“Basically, what will happen is undocumented migrant workers will bring their children here and put their children in school. Even if they’re undocumented we will offer them education.”

This is common in Central Florida counties with big agricultural sectors, he said, and it happens every year.

“They come and go with seasonal migration,” Roberts told the Phoenix. “So, those students go ‘missing’ every year, but that’s a trend because of migrant farm workers.”

Still, COVID might have played a role. “Health care is an issue with these migrant farm workers, so they’re less likely to put their kids in a place where they can get sick,” he said.

Struggling students

Dylan Tedders, assistant superintendent of the Okeechobee County School District, said administrators have found all but 11 students out of more than 500 who were previously unaccounted for.

“We’ve been looking since the beginning of the year,” Tedders told the Phoenix.

As with most counties, a portion went to home-school options and some went out of district to the Florida Virtual School. The district also saw lower enrollment in kindergarten.

But about 50 students dropped out without formally notifying the district, he said.

These students leave for all kinds of reasons, including struggles with academics and taking a job to support their families. The DeSoto district is working to persuade drop-outs to return to classes.

“We’ve got some creative programs to try to help students that are behind or over-aged or just a few credits away,” Tedders said. “But at the end of the day … we can try to recruit as much as we can but sometimes making that paycheck or not being able to come to school for a seven-hour day — they end up making that unfortunate choice.”

In addition, DeSoto County saw a couple of its juvenile detention facilities shut down this year, and Tedders said that contributed to lower district enrollment.

The Phoenix reached out to the Department of Juvenile Justice to find out what would happen to the children at these facilities, but officials did not respond.

Options outside the district

Not every county struggled with enrollment numbers. In fact, some saw influxes of enrollment, particularly in their online options.

That’s what happened this year with Hendry County. According to state data, Hendry County schools appear to have gained more than 5,000 students, for a total of almost 13,500.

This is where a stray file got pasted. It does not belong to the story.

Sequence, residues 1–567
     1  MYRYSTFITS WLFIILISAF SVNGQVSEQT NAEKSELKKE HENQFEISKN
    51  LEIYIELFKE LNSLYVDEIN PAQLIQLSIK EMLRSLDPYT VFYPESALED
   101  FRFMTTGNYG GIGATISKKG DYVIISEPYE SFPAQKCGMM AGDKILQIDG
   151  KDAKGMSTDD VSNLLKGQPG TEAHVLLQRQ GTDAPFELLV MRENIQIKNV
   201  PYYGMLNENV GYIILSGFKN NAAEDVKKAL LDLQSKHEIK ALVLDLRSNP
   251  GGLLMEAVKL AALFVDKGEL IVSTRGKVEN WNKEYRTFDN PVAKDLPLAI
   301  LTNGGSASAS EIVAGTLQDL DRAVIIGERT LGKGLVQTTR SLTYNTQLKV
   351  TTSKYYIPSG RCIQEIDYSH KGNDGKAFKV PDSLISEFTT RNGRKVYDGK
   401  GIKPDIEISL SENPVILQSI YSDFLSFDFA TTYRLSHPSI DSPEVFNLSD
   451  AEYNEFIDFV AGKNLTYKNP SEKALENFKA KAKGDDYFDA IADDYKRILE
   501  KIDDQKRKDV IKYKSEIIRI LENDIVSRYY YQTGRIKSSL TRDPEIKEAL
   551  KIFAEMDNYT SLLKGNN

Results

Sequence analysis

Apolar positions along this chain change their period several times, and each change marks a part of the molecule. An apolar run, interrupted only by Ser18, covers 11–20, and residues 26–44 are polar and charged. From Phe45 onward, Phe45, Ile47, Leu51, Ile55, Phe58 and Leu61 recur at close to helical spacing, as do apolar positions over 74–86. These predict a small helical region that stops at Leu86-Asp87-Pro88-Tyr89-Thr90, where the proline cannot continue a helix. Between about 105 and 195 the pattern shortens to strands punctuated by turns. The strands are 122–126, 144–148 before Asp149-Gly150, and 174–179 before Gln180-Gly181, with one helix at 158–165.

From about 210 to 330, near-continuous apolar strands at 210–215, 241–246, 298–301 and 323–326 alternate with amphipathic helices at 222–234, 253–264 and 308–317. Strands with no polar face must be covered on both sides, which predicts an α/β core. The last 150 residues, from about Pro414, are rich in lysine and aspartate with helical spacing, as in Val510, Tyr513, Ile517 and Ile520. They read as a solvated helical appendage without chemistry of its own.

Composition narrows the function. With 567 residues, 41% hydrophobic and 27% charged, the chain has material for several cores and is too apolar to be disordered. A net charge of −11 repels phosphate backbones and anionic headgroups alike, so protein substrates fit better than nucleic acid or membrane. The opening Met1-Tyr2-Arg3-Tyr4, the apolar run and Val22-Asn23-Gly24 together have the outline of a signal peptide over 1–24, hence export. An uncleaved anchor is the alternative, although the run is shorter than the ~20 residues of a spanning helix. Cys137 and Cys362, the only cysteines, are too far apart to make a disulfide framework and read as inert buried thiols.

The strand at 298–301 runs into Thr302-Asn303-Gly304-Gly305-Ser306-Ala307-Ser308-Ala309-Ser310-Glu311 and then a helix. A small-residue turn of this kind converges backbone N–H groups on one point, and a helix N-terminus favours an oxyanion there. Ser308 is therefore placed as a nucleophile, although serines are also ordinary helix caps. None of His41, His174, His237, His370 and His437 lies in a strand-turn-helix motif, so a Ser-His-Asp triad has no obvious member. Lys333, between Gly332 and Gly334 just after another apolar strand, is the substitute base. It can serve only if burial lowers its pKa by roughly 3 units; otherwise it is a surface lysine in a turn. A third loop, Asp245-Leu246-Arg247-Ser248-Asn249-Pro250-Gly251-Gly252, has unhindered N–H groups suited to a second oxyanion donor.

Superintendent Michael Swindle said that a large contributor to that was interest in an online charter school offered in the county called the Digital Academy of Florida.

“It’s not just Hendry County schools students enrolling,” he told the Phoenix. “It’s students statewide that are able to get on the DAOF platform.”

But even with enrollment up, that doesn’t mean that all students were accounted for.

In those cases, Hendry administrators were “getting in their vehicles and going to the homes and checking on the kids, getting them back in school or getting on our distance learning platforms,” Swindle said.

But even with total enrollment up, not every student reliably attends school, and the district needs to intervene.

Swindle explained that there is sometimes a “disconnect” in some families with students not being fully honest with parents about logging into their online learning platforms during the day.

“Often times, what you find is that there is a working parent and there’s a child sitting in front of a laptop when they leave to go to work, but the child is not logging into the school,” Swindle said. “When the parent comes home and asks their child how their day was the child says, ‘It was great.’”

When the district contacts the family and informs them of what’s going on, Swindle said, the families are usually able to sort out these difficulties.

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Danielle J. Brown
Danielle J. Brown

Danielle J. Brown is a 2018 graduate of Florida State University, majoring in English with a focus in editing, writing, and media. While at FSU, she served as an editorial intern for International Program’s annual magazine, Nomadic Noles. Last fall, she fulfilled another editorial internship with Rowland Publishing, where she wrote for the Tallahassee Magazine, Emerald Coast Magazine, and 850 Business Magazine. She was born and raised in Tallahassee and reviews community theater productions for the Tallahassee Democrat. She spends her downtime traveling to all corners of Florida and beyond to practice lindy hop.